kickstands (for example, those on old Schwinn bikes) require a special tool to
remove them or they might be welded onto the chainstay. If your kickstand isn’t
bolted on, you can either leave it attached (it won’t hamper the cultivator’s
functioning) or use a more drastic removal tool — for example, a hacksaw or an
5. If the bike has an
attached bottle cage, take that off by removing the nuts and bolts that hold it
to the frame.
6. Cut the chain with a bolt
cutter and remove it. If you don’t want to ruin it, use a chain tool to remove
a link pin and free the chain.
7. Next, using a cable
cutter, sever the front and rear gear cables both near the shifters and the
derailleurs and slide them out of their braze-on cable guides to remove them
from the frame.
8. Also use a cable cutter
to sever the front and rear brake cables, both near the brake levers and near
the brakes. Slide them out of their cable guides and remove them from the
9. Take off the shifters and
brake levers. These might be connected to the handlebars, the stem (just below
the handlebars), or on older bikes, the down tube. No matter where, they’re
affixed to the frame with a clamp that’s tightened using screws. In some cases
the screws are hidden under rubber covers. Use the appropriate screwdriver or
Allen wrench to loosen the clamp and then remove the shifter or brake lever. If
the handlebar end grips prevent sliding off the shifters or brake levers,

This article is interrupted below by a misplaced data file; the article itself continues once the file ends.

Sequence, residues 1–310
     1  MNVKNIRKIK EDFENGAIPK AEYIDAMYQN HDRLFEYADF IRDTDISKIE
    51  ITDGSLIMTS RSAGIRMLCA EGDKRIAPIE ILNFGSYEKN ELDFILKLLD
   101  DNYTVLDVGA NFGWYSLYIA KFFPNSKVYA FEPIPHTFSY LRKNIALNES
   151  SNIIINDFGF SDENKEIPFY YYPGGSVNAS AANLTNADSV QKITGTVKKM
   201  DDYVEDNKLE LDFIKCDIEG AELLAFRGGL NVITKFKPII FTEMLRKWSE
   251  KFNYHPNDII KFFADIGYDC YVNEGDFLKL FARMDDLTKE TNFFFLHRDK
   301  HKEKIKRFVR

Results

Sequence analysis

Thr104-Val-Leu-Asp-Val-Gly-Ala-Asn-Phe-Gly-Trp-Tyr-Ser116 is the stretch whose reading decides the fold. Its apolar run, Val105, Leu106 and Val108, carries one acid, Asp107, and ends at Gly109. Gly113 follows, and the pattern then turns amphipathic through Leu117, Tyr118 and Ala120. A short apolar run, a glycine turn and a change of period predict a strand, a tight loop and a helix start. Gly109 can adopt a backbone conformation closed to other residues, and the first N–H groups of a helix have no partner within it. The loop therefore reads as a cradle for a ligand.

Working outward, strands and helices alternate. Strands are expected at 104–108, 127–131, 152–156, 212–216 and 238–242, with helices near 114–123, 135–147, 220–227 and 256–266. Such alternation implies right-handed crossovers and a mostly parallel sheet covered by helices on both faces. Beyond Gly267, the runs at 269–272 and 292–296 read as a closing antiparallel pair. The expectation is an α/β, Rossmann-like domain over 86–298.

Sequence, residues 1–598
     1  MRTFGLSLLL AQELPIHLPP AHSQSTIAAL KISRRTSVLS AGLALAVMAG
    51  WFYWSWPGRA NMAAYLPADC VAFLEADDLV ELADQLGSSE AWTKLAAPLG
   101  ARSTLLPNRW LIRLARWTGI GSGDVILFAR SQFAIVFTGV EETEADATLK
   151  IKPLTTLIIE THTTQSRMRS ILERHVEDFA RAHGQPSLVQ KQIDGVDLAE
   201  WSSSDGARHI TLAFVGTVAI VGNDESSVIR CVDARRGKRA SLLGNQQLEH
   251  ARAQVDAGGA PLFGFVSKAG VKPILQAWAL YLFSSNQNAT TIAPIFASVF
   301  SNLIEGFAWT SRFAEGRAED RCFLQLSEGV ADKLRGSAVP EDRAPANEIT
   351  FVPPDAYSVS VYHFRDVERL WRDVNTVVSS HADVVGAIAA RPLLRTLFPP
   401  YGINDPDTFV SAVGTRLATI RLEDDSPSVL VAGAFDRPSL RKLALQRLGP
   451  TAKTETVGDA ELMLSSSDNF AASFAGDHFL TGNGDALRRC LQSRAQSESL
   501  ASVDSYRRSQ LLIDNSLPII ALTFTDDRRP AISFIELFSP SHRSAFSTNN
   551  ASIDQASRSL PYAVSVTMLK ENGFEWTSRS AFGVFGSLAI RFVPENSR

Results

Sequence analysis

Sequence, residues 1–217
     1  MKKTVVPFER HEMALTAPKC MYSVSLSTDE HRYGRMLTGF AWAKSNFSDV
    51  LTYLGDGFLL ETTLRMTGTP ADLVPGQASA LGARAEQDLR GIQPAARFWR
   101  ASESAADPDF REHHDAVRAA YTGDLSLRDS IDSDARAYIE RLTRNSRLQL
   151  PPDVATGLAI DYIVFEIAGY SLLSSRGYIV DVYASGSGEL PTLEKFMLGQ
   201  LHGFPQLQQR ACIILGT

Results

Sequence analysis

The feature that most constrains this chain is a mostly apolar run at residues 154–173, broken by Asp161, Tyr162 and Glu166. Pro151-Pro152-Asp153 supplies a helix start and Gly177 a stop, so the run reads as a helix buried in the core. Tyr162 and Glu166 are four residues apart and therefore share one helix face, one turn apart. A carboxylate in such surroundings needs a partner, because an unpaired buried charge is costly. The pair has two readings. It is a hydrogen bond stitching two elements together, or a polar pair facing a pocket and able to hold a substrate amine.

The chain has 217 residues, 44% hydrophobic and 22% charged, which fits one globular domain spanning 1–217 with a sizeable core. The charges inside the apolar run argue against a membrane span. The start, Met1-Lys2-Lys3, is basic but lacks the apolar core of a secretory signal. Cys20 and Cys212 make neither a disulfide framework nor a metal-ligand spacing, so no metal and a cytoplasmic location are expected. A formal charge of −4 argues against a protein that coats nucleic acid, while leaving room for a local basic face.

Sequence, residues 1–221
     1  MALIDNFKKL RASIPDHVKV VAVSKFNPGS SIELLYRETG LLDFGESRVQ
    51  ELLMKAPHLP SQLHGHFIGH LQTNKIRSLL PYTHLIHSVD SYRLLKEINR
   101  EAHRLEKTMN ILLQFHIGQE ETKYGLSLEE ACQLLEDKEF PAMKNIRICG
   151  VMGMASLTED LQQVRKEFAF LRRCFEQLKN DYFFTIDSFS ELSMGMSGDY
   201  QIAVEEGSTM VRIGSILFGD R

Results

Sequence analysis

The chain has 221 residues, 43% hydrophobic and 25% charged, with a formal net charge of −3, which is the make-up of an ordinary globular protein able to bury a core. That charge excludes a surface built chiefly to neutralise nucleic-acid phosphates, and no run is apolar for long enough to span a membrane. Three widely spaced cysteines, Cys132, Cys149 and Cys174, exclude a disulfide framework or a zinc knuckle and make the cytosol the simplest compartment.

remove the grips (they’re normally held on with friction). If the grips are
stuck, try holding a wrench snugly around the handlebar just before the grip,
then hitting the side of the wrench with a mallet to nudge the grip off the end
of the handlebar.
10. Next, you’ll release the
tension in the rear brake and remove it. Depending on the type of brake,
releasing the tension might involve flipping a lever, loosening a small screw
or bolt, or squeezing the calipers, then pulling up on the cable that spans the
two calipers. After releasing the tension, remove the brake and attached cable,
if any, by threading the nut off the end and removing the bolt that holds the rear
brake assembly to the top of the seat stays.
11. Repeat Step 10 for
releasing the tension in and removing the front brake from the top of the front
12. Remove the rear
derailleur and any remaining length of the gear cable by removing the lug that
holds the derailleur to the rear drop-outs (the metal ends of the rear fork,
where the seat stays and chain stays intersect). It’s okay to leave the cogset
13. The front derailleur is
attached to the bottom of the seat tube or a nearby braze-on with a bolt and
nut. Remove the bolt and nut to remove the front derailleur and any remaining
14. Remove the pedals where
they attach to the cranks using the appropriate open-ended wrench. On nearly
all bikes, the right-hand pedal is removed by turning the wrench
counterclockwise while the left-hand pedal is removed by turning the wrench
clockwise. In other words, in both cases, you would turn the wrench toward the
back of the bike to loosen and remove the pedals.
15. Next, you need to remove
the crank arms, chain rings and spindle — that is, everything that’s left at
the intersection of the seat tube and down tube. Crank arms are attached to the
bike’s frame via a spindle that goes through the bottom bracket. However, the
attachment can take one of a few different forms depending on the bike. On many
inexpensive bikes, crank arms are made of one S-shaped piece of metal, also
known as a one-piece crank.
These are the simplest type